Legendary Canadian entrepreneur, Warren Yee of Altmaven Capital, asked Henry Morton of Campus Suites about the state of his portfolio and, specifically, the type of rent growth he observed.

“Depending on where the asset is located across the country, rent growth was from 6 to 21% last year,” Morton responded. Campus Suites is one of Canada’s largest and most creative developers of PBSA.

However, Morton raised an essential question for his investor peers about the costs of operations due to inflation. “But almost as important a question is, what’s your NOI growth? Because what we also saw in many markets was somewhere between 6 and 9% Inflation!

Morton said he’s forecasting inflation numbers to be more moderate on some expense loads. “If you’re getting 10 percent on your expenses and rent growth, you’re no further ahead,” noted Morton.

The active Canadian investors then shifted to a conversation about attracting external equity investment from the U.S. and Eurozone.

Veronica Green said Slate Asset Management is exploring PBSA in Canada and speaking to international investors.

Veronica Green, Vice President at Slate Asset Management, said her firm is just entering the Canadian PBSA arena but is having good conversations with international investors in a market dominated mainly by pension funds. According to Green, the investors look favorably at Canadian PBSA due to less competition, the fast-growing population, and increasing and consistent international and domestic student enrollments.

“Many investors worldwide still see this as a pretty niche market. Pensions still dominate in the core assets. We don’t have as deep a banking system or access to credit, but we do have some things that work very well for us,” noted Green. “When the question comes up, how do you guys compare to the U. S.? Yes, we don’t have the same scale, but it’s exactly that metric we can show them – the provision rate.”

However, despite her optimism, Green said capital raising is ‘pretty tough’ in the current macroeconomic environment.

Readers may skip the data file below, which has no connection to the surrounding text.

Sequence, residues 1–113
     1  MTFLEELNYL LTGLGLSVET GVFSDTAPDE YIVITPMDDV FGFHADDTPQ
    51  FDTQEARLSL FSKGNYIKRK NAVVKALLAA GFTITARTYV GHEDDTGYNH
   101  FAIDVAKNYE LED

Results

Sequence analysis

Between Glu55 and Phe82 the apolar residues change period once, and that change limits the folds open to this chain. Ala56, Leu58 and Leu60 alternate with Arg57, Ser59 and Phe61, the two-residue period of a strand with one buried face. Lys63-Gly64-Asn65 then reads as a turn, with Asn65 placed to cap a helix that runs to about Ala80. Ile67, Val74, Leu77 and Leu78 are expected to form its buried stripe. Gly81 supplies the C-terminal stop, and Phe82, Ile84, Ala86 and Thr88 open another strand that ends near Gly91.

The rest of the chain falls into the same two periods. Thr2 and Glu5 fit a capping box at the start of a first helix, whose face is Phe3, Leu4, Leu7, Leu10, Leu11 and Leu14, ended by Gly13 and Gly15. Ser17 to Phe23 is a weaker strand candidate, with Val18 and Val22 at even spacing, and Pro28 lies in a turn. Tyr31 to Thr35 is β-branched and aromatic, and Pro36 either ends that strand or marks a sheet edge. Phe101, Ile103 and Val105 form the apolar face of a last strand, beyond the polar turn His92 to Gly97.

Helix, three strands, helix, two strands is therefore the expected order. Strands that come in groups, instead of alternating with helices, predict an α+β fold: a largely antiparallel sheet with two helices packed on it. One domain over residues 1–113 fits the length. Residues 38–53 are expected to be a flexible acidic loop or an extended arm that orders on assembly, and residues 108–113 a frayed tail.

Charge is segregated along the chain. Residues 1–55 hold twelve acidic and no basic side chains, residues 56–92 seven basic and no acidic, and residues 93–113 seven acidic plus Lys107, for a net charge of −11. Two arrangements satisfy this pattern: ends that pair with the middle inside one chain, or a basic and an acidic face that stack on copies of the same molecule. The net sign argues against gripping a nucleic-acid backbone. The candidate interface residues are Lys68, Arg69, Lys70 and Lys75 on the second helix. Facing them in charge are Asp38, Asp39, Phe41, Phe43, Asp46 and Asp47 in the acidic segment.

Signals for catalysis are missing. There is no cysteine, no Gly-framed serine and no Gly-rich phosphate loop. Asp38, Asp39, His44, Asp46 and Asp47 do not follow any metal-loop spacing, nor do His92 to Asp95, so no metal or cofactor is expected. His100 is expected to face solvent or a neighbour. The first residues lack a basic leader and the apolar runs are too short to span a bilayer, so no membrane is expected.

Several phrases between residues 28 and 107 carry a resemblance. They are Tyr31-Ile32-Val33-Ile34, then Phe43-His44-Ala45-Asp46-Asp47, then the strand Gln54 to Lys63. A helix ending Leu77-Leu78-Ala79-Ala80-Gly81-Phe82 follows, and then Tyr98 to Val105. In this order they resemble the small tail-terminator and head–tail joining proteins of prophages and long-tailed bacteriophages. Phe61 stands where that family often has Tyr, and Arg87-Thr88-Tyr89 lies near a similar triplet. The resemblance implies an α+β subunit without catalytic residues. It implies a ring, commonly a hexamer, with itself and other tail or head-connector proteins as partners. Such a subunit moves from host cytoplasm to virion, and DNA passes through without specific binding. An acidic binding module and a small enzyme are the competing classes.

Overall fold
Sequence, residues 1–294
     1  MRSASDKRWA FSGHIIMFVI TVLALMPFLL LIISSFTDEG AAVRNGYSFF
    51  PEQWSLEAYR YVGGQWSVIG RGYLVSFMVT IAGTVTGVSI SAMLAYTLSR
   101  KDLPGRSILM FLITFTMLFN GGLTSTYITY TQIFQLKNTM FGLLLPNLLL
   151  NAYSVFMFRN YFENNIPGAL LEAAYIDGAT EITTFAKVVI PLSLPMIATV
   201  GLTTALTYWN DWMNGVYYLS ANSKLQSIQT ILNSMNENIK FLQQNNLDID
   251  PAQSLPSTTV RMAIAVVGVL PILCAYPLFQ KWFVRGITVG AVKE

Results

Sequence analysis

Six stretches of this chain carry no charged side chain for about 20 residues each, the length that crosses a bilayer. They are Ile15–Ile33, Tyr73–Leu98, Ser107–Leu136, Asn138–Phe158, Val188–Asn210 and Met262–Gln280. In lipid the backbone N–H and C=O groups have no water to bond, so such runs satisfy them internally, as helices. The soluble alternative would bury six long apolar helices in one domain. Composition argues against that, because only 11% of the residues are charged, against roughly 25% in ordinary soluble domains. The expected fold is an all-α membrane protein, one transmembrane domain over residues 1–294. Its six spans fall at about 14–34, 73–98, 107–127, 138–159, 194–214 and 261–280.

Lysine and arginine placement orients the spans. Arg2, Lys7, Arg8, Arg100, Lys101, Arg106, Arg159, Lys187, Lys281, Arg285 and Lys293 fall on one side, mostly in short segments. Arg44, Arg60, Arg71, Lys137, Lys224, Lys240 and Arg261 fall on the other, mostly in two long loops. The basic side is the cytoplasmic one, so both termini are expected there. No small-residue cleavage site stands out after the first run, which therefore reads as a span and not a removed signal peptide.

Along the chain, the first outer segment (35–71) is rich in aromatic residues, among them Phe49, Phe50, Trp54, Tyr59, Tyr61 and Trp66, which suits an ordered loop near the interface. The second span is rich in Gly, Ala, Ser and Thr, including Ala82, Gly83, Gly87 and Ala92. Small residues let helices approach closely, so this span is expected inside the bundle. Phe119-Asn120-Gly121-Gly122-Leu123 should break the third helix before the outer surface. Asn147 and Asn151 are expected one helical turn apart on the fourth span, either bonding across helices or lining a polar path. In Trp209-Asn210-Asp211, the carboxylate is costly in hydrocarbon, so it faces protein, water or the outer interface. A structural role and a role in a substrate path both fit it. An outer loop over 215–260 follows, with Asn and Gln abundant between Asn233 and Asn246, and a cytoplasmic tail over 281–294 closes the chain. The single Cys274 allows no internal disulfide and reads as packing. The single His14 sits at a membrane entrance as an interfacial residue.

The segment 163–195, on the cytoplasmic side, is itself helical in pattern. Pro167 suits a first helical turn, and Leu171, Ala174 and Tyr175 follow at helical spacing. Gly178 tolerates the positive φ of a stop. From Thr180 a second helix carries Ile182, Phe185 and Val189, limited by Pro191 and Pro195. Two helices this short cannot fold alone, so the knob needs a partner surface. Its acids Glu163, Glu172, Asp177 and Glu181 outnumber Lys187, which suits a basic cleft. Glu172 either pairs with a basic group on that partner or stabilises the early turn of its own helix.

Bring on the PBSA investors in Canada: Fitzrovia’s Corey Pacht said there is room in the market for additional players.

Corey Pacht, Senior Vice President – Investments, Fitzrovia, said the student housing space is robust in Canada, with a lot of opportunity to build an institutional-scaled platform. “I think there’s a lot more room for other groups to come in,” according to Pacht, who also cautioned the Canadian market will require a lot of education from new investors.

The investors then did a deep dive comparing the interests of the U.S. and Eurozone investors.

“A lot of the U.S. investors are just looking straight to yield on cost, and they’re saying it doesn’t make sense, but I think some of the European investors, they’re, you know, a little bit more interested in the long term holds and building more of a platform,” noted Pacht.

Husted concurred with Pacht about the different goals of U.S. and Eurozone investors.

“You have your U.S. investors, and then I’ll call it the European investors we talk to regularly, and the conversation is a bit different. With the European investors, there are many more similarities to how some capital markets work in Canada. So, we have lower yields and unlevered returns. The conversations differ because the Europeans initially get more interested in the similarities.”

“Oh my gosh! PBSA can potentially be one of the best-performing asset classes in Canada,” exclaimed Green of Slate Asset Management.

“It’s nascent compared to more mature markets like the U. S. and the U.K., but we’ve finally got institutional interest. We’ve got all levels of government talking about a housing supply shortage. We’ve got these fantastic fundamentals, consistent enrollment, and international student population growth,” Green said. “So, why not be optimistic?”